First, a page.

WISCONSIN (SPECTRUM NEWS)— The state of Wisconsin is seeing a rise in flu and RSV numbers across the state.
The state of Wisconsin is in the thick of flu season and as many may be feeling symptoms it's important to know which respiratory viruses may be circulating around this time of year.,
RSV, otherwise known as respiratory syncytial virus, is a common viral illness that causes mild cold like symptoms.
"The reason this virus is good to know about good to be a little worried about, and frankly just better to understand it’s a little different than your common cold," Froedtert Medical College of Wisconsin Community Physicians McKinley Clinic, Dr. Adam King said.
The initial symptoms will feel like a common cold, aches, sneezing, sore throat, fever, but the cough is what stands out with RSV.
"It basically coats the inner lining of our lungs and causes a cough that lasts for a prolonged period of time," King said.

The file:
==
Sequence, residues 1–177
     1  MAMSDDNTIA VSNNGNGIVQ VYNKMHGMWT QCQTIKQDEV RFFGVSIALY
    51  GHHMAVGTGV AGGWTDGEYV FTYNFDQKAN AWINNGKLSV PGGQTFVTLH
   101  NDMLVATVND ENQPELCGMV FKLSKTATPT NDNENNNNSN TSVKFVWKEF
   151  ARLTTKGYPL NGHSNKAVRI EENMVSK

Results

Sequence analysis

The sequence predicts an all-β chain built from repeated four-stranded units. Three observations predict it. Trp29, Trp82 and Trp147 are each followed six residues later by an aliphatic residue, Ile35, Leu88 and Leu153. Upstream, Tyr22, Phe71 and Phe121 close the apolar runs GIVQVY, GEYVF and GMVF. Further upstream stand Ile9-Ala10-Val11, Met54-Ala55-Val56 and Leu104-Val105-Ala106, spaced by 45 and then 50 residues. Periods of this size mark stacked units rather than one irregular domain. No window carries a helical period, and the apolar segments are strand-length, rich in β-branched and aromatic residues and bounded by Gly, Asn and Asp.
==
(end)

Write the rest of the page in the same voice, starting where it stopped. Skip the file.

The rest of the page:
According to the Wisconsin Department of Health Services, over a three month period, RSV positive tests have grown from around five percent to nearly 30 percent across the state.
"It’s been a very difficult season not only for influenza but for all of respiratory seasons," Wisconsin Department of Health Services Influenza Surveillance Coordinator, Tom Haupt said.
Haupt says they are seeing a rise in both cases for influenza and RSV at the same time.
"It's unusually to have RSV and the flu circulating at such high rates. Usually influenza starts off and as it peaks and starts to go down then RSV starts coming up but the incidents have been going up simultaneously for this," Haupt said.
So what does this mean for Wisconsin? Well, in terms of RSV, the flu vaccine does not protect you from RSV like it can for influenza. So doctors urge in order to stay healthy, wash your hands and take care of yourself. Especially young infants and those over 65 who are higher at risk for r-s-v.
"RSV can cause a fair amount of lung symptoms that if it’s going on for a prolonged period of time and feeling particularly lousy or crummy, going in to see your doctor or trying some prescription medications like asthma types of medications can be a benefit," King said.